A Peptide Therapy for Neovascular Eye Diseases


Angiogenesis is a leading cause of eye problems among over 50s – including blindness. Conventional treatments have serious side effects, making them deeply unpleasant for patients. A new peptide therapy could provide an alternative.

Syndecans are a family of transmembrane receptors that Queen Mary researchers have extensively investigated for their role in promoting angiogenesis and for their potential as promising therapeutic targets. A small peptide region (QM107) has been derived from syndecan-2 and has been found to activate powerful antiangiogenic pathways in various ocular disease models,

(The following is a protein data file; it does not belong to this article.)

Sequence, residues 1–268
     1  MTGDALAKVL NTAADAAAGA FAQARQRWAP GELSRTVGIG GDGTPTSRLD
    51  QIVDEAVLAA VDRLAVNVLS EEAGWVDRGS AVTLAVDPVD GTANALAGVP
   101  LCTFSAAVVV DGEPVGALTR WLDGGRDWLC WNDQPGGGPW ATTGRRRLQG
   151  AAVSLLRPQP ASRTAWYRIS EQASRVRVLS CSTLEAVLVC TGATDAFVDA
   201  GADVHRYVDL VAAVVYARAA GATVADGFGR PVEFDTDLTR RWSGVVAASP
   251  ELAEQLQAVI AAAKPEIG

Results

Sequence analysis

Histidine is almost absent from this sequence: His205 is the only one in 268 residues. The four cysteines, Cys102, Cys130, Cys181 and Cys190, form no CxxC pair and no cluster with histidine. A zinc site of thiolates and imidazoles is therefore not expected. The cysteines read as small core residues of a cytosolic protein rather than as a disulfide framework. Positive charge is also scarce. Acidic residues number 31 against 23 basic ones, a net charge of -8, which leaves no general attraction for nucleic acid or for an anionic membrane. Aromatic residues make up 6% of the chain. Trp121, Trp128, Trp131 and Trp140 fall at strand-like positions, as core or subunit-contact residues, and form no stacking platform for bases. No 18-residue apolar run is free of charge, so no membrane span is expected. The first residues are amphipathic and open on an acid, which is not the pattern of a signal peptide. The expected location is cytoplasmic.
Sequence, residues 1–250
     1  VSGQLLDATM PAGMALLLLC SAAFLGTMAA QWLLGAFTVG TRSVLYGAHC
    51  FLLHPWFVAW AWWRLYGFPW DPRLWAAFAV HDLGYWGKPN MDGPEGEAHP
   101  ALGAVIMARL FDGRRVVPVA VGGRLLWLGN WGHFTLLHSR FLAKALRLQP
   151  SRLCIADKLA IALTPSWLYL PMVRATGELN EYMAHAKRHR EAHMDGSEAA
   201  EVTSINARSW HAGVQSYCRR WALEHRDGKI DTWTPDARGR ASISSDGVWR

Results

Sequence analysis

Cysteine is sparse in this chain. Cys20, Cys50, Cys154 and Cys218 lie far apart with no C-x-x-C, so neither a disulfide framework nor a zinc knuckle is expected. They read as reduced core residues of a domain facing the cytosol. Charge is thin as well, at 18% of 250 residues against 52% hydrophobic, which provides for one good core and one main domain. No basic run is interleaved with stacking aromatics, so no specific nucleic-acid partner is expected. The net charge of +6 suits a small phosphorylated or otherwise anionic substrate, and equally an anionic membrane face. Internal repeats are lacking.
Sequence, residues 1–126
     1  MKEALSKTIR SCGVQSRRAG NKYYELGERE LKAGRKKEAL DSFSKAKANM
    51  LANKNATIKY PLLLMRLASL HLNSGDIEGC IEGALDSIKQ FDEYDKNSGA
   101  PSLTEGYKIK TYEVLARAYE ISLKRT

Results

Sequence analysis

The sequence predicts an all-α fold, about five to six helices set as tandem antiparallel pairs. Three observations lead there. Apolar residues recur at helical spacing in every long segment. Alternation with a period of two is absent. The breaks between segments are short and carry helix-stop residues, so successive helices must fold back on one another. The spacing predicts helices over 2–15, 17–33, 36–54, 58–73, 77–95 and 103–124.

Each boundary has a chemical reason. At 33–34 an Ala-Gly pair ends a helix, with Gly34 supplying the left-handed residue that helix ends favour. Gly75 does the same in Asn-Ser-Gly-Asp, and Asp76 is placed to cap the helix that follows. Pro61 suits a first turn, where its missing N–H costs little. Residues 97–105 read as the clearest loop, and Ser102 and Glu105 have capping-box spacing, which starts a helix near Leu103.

QM107 targets an endogenous signalling pathway on blood vessels, which acts to stop angiogenesis. This is a completely different mechanism to existing therapies and may therefore avoid the same side effects of current treatments.

A patent has been filed and we’re actively looking for partners to license this technology to develop commercially.



Monika Hamilton PhD CLP –



Dr. James Whiteford, Reader in Extracellular Matrix Biology, Director of Graduate Studies